The voice acting, however, is where the audio really shines. Story Mode features a veritable who's who of voice actors, including Patton Oswalt (King of Queens) or Cat Taber (Star Wars: The Clone Wars) as Jesse, along with Billy West (Futurama), Dee Bradley Baker (American Dad!), Ashley Johnson (Ben 10), Scott Porter (Friday Night Lights) and Paul Reubens (Pee-Wee Herman himself) as the villain, Ivor.
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Each actor gives a spirited and memorable performance. Although the script can be a bit generic at times, it's hard not to get invested in the characters, who spend equal amounts of time cooperating and getting on each other's nerves. Telltale games usually feature stellar voice acting, and it's reassuring to know that Minecraft: Story Mode didn't slouch just because of its lighter tone.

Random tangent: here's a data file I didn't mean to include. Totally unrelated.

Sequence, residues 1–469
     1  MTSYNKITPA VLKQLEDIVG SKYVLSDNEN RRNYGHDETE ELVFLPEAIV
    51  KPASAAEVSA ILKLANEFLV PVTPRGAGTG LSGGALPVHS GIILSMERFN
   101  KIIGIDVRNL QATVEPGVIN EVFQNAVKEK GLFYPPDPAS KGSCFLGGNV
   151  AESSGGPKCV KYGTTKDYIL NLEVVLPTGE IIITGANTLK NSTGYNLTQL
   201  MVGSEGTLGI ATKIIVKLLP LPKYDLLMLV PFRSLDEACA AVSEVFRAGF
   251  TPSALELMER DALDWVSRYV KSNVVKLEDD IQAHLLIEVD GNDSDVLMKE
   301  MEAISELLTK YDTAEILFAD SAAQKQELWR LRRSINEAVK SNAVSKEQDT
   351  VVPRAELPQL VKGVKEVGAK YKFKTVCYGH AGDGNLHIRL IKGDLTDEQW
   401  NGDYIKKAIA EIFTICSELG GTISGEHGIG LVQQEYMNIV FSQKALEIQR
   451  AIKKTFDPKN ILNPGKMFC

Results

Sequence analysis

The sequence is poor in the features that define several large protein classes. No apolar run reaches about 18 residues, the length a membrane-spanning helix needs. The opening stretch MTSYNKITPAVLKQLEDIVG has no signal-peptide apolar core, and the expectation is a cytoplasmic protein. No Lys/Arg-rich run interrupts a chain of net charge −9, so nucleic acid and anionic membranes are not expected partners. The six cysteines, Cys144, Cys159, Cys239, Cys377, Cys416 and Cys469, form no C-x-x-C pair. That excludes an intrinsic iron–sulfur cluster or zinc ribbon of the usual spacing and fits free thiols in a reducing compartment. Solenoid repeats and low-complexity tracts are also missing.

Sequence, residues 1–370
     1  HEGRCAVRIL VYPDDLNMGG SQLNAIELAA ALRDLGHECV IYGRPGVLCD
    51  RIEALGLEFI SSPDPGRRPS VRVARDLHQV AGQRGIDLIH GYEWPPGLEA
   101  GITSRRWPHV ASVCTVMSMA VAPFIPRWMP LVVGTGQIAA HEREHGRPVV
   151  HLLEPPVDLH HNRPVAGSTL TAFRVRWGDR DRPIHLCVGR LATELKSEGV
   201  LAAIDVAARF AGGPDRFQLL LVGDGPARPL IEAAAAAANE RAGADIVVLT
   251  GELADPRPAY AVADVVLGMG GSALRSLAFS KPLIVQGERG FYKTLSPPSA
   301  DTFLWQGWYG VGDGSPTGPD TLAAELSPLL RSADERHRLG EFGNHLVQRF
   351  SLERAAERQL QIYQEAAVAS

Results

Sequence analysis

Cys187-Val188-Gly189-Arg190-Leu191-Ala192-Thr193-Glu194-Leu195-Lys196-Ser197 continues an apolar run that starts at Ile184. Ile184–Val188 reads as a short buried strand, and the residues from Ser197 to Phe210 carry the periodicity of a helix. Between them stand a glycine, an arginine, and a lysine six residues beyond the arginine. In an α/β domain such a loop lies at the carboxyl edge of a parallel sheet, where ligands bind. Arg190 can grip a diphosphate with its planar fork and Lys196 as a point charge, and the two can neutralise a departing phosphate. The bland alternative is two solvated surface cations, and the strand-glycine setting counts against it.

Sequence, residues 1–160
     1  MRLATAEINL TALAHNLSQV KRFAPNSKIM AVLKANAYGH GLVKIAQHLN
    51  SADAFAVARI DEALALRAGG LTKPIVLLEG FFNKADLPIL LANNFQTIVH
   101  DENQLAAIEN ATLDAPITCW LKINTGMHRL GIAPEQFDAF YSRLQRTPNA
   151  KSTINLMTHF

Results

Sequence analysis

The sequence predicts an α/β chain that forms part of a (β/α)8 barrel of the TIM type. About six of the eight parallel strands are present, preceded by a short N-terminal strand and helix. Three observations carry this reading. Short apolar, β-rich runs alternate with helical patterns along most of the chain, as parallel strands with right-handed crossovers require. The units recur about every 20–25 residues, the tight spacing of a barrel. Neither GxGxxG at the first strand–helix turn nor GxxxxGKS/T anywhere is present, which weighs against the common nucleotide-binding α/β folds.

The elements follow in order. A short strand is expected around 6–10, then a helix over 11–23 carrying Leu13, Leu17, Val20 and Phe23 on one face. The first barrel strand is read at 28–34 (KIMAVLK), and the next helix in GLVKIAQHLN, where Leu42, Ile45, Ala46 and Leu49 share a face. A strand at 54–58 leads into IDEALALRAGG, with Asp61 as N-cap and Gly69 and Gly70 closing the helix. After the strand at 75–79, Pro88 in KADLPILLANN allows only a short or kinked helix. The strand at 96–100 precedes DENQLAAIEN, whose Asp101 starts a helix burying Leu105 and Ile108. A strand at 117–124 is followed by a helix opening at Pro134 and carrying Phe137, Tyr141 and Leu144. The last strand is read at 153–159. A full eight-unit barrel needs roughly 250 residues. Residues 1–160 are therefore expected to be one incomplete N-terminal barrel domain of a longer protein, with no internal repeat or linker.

I went into Story Mode knowing almost nothing about Minecraft. While I can't say I'm dying to start up my own account on the main game, I'm definitely interested in learning more about Jesse and his or her friends. I also feel I understand just a little bit better why this world has charmed and delighted so many digital builders.
While Minecraft: Story Mode still has a ways to go before it can be up there with the Telltale greats, it's off to a very promising start. With a few more unpredictable twists in the story and more opportunities to incorporate traditional Minecraft gameplay, Story Mode will be exactly what it set out to be: a story-driven take on a setting that, up until now, has resisted any kind of narrative.